Additionally, Dr. Doug Graber Neufeld and I are working with students Hannah Daley (chemistry and environmental science, 2017) and Janaya Sachs (chemistry, 2017) to gather baseline water quality information related to pH, turbidity, stream flow, as well as barium and strontium levels in an area of northwest Rockingham County. A collaboration with Trout Unlimited has increased the reach of this study as volunteers drop samples off at EMU for analysis. Other students, including Ben Stern (biochemistry, 2015), studied the toxicity of barium to zebrafish using a startle method. There is the possibility that this region of the county would become the first area in Virginia in which hydrofracking occurs. Should hydrofracking occur, our watershed and drinking water data will give a baseline from which to compare post-hydrofracking samples, in order to assess the extent of any contaminant releases.

Assessing student familiarity with and understanding of green chemistry

The principles and practices of sustainability in chemistry have emerged in the past twenty or so years, yet this topic has become fairly well-represented in chemical education literature. A common pedagogical practice is to integrate a few ‘green’ chemistry experiments into introductory courses, such as general or organic chemistry; however, this approach often fails to assess whether students are developing a robust perspective on the complexity involved in ‘greening’ a chemical process. Surveys of students’ perception indicate that this is not a successful method by which to teach green chemistry. Currently a different approach is being investigated. Analysis of the data was completed in collaboration with Rachel King (biology, 2015.)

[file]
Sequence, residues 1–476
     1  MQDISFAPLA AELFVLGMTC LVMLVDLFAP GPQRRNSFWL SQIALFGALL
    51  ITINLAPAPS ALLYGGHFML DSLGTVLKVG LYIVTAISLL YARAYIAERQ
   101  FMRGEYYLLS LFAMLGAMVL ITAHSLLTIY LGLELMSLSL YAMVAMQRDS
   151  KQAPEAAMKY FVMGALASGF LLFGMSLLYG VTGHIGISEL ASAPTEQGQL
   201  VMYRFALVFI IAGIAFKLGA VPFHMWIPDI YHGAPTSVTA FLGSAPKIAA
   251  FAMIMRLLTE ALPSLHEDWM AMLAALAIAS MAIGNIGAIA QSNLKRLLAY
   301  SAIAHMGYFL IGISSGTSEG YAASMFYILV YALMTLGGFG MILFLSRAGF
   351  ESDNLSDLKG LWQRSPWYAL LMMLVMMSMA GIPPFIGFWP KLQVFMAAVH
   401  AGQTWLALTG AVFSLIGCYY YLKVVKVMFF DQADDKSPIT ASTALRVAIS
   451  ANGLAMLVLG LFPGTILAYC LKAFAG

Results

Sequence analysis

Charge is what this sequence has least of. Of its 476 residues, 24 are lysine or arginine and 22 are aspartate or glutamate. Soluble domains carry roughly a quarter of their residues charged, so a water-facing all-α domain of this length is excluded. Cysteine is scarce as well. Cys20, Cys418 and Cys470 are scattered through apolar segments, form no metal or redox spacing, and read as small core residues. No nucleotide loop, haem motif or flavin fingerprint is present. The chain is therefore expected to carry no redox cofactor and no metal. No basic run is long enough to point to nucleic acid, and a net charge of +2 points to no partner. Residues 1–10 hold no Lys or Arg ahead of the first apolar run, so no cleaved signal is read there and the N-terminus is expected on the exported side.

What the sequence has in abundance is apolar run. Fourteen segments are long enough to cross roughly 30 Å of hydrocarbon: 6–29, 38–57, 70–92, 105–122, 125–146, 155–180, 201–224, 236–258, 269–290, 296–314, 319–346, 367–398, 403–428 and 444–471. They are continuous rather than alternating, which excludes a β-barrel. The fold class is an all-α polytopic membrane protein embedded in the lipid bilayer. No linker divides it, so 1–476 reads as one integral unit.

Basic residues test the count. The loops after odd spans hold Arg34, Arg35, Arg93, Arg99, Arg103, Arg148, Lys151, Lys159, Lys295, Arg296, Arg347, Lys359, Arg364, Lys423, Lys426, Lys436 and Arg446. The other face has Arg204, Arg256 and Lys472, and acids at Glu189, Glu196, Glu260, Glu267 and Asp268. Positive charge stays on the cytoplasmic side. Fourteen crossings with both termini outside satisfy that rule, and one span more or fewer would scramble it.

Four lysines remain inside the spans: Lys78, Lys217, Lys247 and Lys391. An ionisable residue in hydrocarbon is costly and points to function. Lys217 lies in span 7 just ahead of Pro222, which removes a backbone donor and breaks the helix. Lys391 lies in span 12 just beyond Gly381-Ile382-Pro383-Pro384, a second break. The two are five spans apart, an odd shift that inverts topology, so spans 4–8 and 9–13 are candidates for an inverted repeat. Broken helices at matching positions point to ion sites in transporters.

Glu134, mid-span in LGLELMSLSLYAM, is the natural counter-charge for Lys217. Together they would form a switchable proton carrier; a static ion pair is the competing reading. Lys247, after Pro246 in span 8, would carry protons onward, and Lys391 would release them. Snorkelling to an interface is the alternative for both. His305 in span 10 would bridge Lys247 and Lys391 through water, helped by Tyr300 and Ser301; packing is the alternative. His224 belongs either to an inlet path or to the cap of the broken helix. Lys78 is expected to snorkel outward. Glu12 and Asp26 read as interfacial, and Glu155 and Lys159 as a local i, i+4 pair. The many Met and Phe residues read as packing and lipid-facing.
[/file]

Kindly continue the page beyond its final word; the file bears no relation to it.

Improving students’ engagement with math coursework by adding contextual relevance to assignments

Students often struggle to apply content learned in one course to another. As the Foundations of Math course contains foundational information for STEM students and difficulty with math is one oft-cited reason for students to leave STEM fields, we would like to increase the chance that students will be able to generalize this content. Situation or context-based learning has been shown to improve practical, transferable understanding in a number of scientific fields (Brown et al., 1989; Lave and Wenger, 1991). Thus, math professor Owen Byer and I have edited the content in Math 101 to create contextualized assignments drawn from examples currently used in biology and chemistry courses. In the future we hope to build a ‘math when you need it’ resource as well as expand the contextualization beyond just biology and chemistry examples.